On 27 August 2015, petitioner filed the instant § 2241 motion. On 14 December 2015, pursuant to Standing Order No. 15-SO-02, the Office of the Federal Public Defender filed a notice of appearance on behalf of petitioner for purposes of determining whether petitioner may qualify for post-conviction relief pursuant to Johnson v. United States, 135 S.Ct. 2551 (2015). (DE # 68.) On 18 May 2016, petitioner, with the assistance of counsel, filed a motion under 28 U.S.C. § 2244 for an order authorizing this court to consider a second or successive motion under § 2255, seeking to challenge his sentence in light of United States v. Newbold, 791 F.3d 455 (4th Cir. 2015). In re: McClain, No. 16-831, DE # 2 (4th Cir.). On 1 June 2016, the Fourth Circuit Court of Appeals denied that motion. Id., DE # 14.

         In his § 2241 motion, petitioner claims his breaking and entering conviction no longer qualifies as a predicate violent felony conviction for purposes of the ACCA in light of Johnson. As such, he attacks the legality, rather than the execution, of his sentence. A petitioner must challenge the legality of his sentence under § 2255 unless the remedy under § 2255 “is inadequate or ineffective to test the legality of his detention.” 28 U.S.C. § 2255(e) (“savings clause”); see Rice v. Rivera, 617 F.3d 802, 807 (4th Cir. 2010); In re Jones, 226 F.3d 328, 332- 33 (4th Cir. 2000). “However, the remedy afforded by § 2255 is not rendered inadequate or ineffective merely because an individual has been unable to obtain relief under that provision or because an individual is procedurally barred from filing a § 2255 motion.” In re Vial, 115 F.3d 1192, 1194 n.5 (4th Cir. 1997) (citations omitted).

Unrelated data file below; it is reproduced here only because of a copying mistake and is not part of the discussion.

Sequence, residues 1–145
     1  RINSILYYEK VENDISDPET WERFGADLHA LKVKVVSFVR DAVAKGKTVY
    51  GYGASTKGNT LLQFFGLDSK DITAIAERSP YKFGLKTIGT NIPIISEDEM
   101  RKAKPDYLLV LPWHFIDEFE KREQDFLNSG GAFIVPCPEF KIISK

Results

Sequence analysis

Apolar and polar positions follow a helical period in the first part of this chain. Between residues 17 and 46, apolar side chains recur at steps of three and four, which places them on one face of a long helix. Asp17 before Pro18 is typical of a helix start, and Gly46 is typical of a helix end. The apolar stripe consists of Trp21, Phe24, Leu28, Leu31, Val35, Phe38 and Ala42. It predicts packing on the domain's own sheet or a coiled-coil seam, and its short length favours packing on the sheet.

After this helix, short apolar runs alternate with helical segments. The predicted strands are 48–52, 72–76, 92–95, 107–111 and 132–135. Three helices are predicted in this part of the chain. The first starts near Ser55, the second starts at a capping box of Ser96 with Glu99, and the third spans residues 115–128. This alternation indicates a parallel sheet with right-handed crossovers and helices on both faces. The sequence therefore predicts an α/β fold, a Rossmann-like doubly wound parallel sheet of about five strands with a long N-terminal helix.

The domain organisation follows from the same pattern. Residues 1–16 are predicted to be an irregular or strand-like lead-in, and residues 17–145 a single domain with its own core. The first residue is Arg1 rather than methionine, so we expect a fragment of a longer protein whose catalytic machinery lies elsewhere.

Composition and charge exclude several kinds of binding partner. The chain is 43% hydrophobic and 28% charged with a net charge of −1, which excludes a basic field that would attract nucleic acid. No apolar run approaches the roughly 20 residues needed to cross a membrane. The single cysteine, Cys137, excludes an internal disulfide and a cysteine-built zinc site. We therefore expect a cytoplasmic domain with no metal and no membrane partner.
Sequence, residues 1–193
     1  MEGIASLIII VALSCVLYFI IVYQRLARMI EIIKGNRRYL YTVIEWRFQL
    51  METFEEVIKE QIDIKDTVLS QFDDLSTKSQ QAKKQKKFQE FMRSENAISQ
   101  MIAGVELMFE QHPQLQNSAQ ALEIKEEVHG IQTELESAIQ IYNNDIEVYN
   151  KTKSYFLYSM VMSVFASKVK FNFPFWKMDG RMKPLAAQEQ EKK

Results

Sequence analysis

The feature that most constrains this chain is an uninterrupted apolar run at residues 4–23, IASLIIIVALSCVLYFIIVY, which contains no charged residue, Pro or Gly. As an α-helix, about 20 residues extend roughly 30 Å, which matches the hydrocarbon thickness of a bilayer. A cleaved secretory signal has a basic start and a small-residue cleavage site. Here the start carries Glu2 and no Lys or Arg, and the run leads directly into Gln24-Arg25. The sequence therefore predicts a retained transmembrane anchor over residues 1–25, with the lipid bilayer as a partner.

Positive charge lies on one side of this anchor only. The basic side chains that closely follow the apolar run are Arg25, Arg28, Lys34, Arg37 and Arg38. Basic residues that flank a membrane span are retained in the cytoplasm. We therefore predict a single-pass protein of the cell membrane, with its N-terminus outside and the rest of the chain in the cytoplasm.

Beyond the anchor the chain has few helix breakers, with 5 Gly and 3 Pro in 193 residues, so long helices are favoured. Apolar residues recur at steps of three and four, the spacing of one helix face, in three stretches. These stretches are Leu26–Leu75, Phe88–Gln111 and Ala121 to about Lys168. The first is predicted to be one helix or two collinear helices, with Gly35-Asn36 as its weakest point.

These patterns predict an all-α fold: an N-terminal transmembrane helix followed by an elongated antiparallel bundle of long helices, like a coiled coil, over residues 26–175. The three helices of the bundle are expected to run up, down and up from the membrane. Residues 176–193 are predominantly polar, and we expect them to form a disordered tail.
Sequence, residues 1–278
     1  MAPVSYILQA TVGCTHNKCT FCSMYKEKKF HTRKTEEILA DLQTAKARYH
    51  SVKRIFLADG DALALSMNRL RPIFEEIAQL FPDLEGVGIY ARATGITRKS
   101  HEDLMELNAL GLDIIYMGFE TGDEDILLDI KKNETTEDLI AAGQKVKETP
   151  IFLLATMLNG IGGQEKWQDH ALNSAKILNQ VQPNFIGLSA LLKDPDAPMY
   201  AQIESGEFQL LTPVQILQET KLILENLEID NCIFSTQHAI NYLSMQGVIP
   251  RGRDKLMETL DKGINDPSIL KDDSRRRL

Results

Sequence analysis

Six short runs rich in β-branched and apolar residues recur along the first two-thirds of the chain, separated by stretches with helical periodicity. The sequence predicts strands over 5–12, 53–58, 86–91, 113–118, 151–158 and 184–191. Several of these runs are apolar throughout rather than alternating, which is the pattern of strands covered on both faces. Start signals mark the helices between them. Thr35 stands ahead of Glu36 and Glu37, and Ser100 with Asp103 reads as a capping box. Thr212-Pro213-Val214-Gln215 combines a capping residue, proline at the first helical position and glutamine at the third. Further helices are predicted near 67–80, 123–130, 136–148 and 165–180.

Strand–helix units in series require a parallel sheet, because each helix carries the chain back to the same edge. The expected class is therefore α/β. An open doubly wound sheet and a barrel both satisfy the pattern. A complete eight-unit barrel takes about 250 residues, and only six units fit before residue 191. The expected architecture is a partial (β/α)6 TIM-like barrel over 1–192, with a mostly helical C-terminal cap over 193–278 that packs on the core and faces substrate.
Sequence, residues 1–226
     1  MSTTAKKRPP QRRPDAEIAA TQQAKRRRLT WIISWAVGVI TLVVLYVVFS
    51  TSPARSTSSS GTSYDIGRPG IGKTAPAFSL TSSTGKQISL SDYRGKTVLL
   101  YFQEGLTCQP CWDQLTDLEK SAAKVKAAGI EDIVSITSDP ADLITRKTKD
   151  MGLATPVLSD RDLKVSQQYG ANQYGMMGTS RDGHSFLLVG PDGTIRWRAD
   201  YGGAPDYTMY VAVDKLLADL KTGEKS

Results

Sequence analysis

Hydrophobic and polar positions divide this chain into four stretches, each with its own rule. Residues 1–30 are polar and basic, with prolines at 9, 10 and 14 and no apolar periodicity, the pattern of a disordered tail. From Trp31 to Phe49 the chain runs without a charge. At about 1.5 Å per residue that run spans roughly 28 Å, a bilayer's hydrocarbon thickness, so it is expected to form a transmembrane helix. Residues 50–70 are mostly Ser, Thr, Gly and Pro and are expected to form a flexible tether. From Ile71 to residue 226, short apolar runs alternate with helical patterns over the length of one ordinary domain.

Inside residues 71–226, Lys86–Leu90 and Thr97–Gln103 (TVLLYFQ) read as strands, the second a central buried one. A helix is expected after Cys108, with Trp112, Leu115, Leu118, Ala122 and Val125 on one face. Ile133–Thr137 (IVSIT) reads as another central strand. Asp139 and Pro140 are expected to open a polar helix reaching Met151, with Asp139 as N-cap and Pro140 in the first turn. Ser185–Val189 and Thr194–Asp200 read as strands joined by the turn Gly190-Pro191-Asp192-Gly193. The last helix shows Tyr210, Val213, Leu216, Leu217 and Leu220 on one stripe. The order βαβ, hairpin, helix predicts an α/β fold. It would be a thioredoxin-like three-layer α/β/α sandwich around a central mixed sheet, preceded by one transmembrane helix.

Section 2255 is inadequate or ineffective to test the legality of a sentence when three conditions are met: